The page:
“But among all the musical instruments, the flute, because of its sounds, melody, and the manner in which it is played, is the one to which the Gorgon’s mask is most related. The art of the flute – the instrument itself, the way it is used, and the melody one extracts from it – was ‘invented’ by Athena to ‘simulate’ the shrill sounds she had heard escaping from the mouths of the Gorgons and their snakes. In order to imitate them, she made the song of the flute ‘which combines all sounds”… Pindar, Pyth 12.1). But the risk inplaying the role of the shrieking Gorgon is actually to become one – all the more so as this mimesis is not mere imitation but an authentic ‘mime,’ a way of getting inside the skin of the character one imitates, of donning his or her mask. The story is told that Athena, wholly absorbed in blowing into the flute, did not heed the warning of the satyr, Marsyas, who, when he saw her with distended mouth, puffed out cheeks, and a face wholly distorted by the effort of getting a sound from the flute, said to her: The ways do not become you.”

Of course, Vernant’s interpretation, here, references Freud’s interpretation of Medusa. The thing is, Vernant comes to this interpretation not through Freud, but through a track laid down in Greek history and literature itself. If there is one thing all the philosophers seemed to be wary of, it is the flute. It is easy to make the correspondence between the constant denunciation of the excitement caused by the flute and, say, the denunciation of rock n roll as a degenerate music in the fifties. But there is an element left out – the iconography of flute playing. Aristotle’s reading of Athena throwing away the flute too hastily passes over what, exactly, is so ugly about puffing out one’s cheeks. As well as what the mouth to pipe picture is all about.

Perhaps the key to all the mythologies is the conjunction, at the bottom of the world, of misogyny and xenophobia – or the reason that patriarchy is such a good framework within which to grow racism. After all, the conjunction of those two things is structural, not logical. There’s no logical necessity that patriarchy should be especially racist.

Sadly, Blair is not going to jail

“But us, who never profit from anything, we are alone. Alone, like the Bedouin in the desert. We have to cover our faces, pull our sheets about ourselves and plunge, head bowed, into the story – and always, incessantly, up to our last drop of water, up to the last palpitation of our heart. When we croak, we will have had the consolation of having made our way, and navigated in the Grand syle.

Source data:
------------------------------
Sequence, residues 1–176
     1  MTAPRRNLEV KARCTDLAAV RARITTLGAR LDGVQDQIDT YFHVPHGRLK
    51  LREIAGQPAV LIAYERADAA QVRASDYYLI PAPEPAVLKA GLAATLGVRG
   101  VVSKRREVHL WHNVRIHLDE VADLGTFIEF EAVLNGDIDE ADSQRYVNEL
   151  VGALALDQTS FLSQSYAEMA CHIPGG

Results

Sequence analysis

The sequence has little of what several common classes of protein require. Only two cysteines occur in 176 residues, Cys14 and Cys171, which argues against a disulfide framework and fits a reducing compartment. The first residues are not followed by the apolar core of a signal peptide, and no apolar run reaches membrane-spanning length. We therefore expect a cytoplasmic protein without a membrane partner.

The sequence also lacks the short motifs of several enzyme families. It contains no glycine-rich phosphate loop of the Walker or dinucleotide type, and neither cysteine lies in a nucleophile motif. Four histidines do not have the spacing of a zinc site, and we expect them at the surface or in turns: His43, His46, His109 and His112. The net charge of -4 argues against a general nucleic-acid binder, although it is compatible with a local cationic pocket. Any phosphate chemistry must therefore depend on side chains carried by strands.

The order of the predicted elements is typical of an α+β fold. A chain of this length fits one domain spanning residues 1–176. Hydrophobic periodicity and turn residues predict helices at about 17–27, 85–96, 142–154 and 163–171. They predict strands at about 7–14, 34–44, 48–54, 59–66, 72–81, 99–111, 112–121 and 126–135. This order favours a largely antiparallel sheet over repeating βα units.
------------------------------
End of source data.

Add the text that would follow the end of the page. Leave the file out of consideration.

I sense against the stupidity of my age such floods of hatred that they choke me. The shit mounts into my mouth, as from a tied off hernia. But I want to keep it, fix it, let it harden… - Flaubert, letter to Bouilhet.

Flaubert has a reputation for denouncing la bêtise. Sartre claimed that for Flaubert, betise was essentially identical with language itself. But if you read the language of the paroxysms of disgust which are provoked in Flaubert by the stupidity of his age, you’ll notice that the metaphors are about reversing speaking or eating. The body wants to come through the mouth. In another letter, speaking of researching one of his novels, Flaubert speaks of ‘swallowing volumes and taking notes” so that he can fulfill his one and only purpose: “to spew on his contemporaries the disgust that they inspire in me” (cracher sur mes contemporains le dégoût qu'ils m'inspirent).

This, of course, is the problem with indignation once it increases to a certain level. It wants to bypass language altogether, to play the tape of culture, and even of organic growth, backwards, to shit out of the mouth, to spew or spit one’s entire being. If the holy speech gone backwards is the royal road to the wolf and the devil, to get to the true underground gods, playing language itself backwards is just the spell. It is not a spell to used casually.

LI understands Flaubert’s problem: after all, we live in the age of Bush and Blair.

Which brings us to a commentary by one of the heroic liberal interventionists in the Independent. A man named John Rentoul